IN MY SALAD DAYS I spent time in both Alabama and North Carolina. It wasn't necessarily a significant amount of time, but enough to give me a constant craving for pulled pork, sweet tea, biscuits, collards, and okra.

Taste memory is a powerful thing. The experience of a dish can get lodged in the tangle of your hippocampus and limbic system and lie dormant for years. Then, driven by hunger, you'll stumble upon a place you might have never visited otherwise and tuck into a plate of pulled pork and dirty rice.

Suddenly the flavors of sweet and sour, balanced on the fulcrum of tender salted pork, will cause that taste memory to dislodge and start rolling around, touching off little sparks of recognition and emotion. You get the squeak of the screen door, the warm scent of buttermilk biscuit dough, the puckered smile of an old woman who likely went to her grave long, long ago.

Essentially Proust's inspiration is a food critic's nightmare. Because, really, how can someone fairly judge a meal that's garnished with a sprig of memory and seasoned with several dashes of emotion? Would the Southern specialties I find pleasing taste as good to someone who never sat in Nana's North Carolina kitchen? I'd hope so.

The worst thing about Hillbilly Bento, with its memory-suffused pulled pork, is its utterly confusing name. Do not expect some kind of odd Dixie/Asian mashup. You won't find country ham gyoza or catfish sushi rolls. It's "bento" only in that you're getting a boxed meal. That's it. The rest is all unapologetically deep-fried Deep South.

After walking into the tiny storefront a couple times, it feels more and more improbable that Hillbilly Bento can distribute such a huge amount of flavor. The place is tiny and decked out from ceiling to floor with strange kitschy Southern tchotchkes. There's a small bar area to sit and eat, and a few large tables outside, but it's not necessarily the most accommodating place for a dine-in lunch. In fact, it's dominated by a large buffet-type staging area manned in most cases by the owner, Jay Irvin, who welcomes you with his warm Southern drawl.

The setup at Hillbilly Bento requires you to choose one of five basic options, which are served with your choice of Cajun dirty rice, rice pilaf, or salad. The best bet from the basics is the pulled pork, North Carolina style. It's an absolute wonder, and combined with the Cajun dirty rice, there's little you can do other than point your face into the cloud of savory aromas coming out of your to-go box and start shoveling.

Delicate food it is not. There is very little subtlety about what's happening in this meal. It's saucy, salted, fatty, sweet, and all good. The dirty rice is a perfect example: Chockful of peppers and sausage and onions, it's perfectly spicy without being heavy. It's a great base for other basics like the Pepsi chicken, featuring heavy chunks of bird glazed in cola and molasses. It's actually the one dish that could be mistaken for a standard American Asian bento option—reminiscent of a smokier version of sweet and sour.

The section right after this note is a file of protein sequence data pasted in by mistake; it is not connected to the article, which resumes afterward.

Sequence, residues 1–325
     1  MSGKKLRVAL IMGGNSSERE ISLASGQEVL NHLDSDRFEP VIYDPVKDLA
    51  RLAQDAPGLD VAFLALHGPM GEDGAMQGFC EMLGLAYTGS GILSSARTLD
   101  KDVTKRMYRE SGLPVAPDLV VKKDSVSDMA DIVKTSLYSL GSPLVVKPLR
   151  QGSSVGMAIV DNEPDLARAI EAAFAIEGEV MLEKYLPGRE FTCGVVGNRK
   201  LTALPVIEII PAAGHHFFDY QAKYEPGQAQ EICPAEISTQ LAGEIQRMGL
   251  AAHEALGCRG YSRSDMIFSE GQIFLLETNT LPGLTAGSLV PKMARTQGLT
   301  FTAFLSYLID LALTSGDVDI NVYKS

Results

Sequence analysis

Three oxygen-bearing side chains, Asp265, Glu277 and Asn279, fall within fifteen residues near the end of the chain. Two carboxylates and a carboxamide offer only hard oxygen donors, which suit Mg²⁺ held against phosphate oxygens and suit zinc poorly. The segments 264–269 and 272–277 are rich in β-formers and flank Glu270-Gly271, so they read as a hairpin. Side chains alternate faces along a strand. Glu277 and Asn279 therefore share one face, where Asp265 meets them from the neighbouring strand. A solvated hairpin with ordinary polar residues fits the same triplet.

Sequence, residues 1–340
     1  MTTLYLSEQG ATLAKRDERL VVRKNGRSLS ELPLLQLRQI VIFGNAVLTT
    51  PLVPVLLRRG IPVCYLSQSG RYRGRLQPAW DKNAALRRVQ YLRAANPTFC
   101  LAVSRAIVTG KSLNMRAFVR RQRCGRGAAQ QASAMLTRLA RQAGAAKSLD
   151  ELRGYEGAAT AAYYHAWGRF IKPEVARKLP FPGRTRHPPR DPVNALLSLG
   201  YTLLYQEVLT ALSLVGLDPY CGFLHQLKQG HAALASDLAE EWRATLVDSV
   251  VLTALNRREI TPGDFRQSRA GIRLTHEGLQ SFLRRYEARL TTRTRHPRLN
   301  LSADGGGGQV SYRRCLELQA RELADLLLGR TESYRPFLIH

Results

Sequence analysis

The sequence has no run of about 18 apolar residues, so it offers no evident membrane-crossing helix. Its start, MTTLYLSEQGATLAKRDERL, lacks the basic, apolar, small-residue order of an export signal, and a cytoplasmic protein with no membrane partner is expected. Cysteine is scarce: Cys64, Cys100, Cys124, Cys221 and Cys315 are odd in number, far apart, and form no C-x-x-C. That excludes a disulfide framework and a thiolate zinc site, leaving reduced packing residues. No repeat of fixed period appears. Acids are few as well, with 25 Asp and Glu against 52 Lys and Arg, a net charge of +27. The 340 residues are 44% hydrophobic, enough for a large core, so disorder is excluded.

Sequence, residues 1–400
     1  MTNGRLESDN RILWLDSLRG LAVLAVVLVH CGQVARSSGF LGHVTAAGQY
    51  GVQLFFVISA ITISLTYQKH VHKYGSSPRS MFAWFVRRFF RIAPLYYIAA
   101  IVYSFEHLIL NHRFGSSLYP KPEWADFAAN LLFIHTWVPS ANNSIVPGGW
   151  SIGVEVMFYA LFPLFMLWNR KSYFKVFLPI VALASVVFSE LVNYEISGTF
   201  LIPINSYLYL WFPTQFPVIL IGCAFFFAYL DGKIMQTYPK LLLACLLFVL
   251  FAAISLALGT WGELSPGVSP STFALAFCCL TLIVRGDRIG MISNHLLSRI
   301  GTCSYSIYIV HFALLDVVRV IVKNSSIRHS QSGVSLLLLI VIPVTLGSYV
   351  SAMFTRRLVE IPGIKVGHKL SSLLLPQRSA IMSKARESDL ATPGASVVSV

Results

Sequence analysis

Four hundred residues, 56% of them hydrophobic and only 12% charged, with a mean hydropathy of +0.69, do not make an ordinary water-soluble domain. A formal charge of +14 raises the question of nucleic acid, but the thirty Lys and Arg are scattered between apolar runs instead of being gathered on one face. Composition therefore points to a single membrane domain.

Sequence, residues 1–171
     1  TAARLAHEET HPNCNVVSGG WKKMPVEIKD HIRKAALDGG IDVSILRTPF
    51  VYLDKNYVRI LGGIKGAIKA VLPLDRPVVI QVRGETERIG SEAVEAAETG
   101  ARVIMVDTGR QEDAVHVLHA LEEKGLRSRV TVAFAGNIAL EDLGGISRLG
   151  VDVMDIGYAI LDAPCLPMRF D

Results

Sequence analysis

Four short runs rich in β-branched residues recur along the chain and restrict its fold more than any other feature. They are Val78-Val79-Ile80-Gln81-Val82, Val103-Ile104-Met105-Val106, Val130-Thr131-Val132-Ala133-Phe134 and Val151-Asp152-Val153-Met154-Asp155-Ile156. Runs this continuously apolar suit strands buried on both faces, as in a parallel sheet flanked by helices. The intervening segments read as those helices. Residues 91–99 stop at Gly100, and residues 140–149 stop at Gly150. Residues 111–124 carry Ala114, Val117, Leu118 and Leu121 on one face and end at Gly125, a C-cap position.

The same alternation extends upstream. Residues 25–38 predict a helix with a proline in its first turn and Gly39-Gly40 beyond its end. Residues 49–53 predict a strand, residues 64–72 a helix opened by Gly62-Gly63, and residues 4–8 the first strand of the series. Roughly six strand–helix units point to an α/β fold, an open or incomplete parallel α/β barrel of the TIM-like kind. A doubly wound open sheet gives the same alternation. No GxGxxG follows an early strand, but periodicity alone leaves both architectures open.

Outside the basics, which also include vegetarian beans, shrimp, and beef pepper pot, are the daily specials—a craveable option for each workday of the week.

Monday's biscuits and gravy are the perfect soft landing after a weekend of revelry, grounding you for the coming week. They aren't the intellectual Portland brunch version you had on Sunday. They are straight-up grub. Sure, the gravy may contain a tad too much flour, but the sausage makes up for it, as do the jalapeño biscuits. Also, the whole thing probably weighs three pounds.

It gets better from there. Tuesday's chicken and dumplings float in a savory velvety sauce. Wednesday's BBQ ribs literally fall off the bone, with smoky meat slathered in a thick spicy sauce. Friday's catfish and hushpuppies get the job done with crisp, swampy fish and ever-so-sweet hushpuppies (that admittedly were a bit too crusty and dry on one visit.)

All of these are complemented with your choice of sides, though the standout is absolutely the super-crisp and flavorful fried okra, followed by spicy black-eyed peas, a pleasantly sweet slaw, and some fine collard greens.

This food is not for everyone. It's inexpensive, abundant, fatty, and in no way concerned about its place in Portland's food scene. It's simple, with big robust flavors. And maybe my memory has removed the subtle nuance of the meals eaten on warm Southern evenings, but damn if Hillbilly Bento isn't serving up the flavors of the South I remember.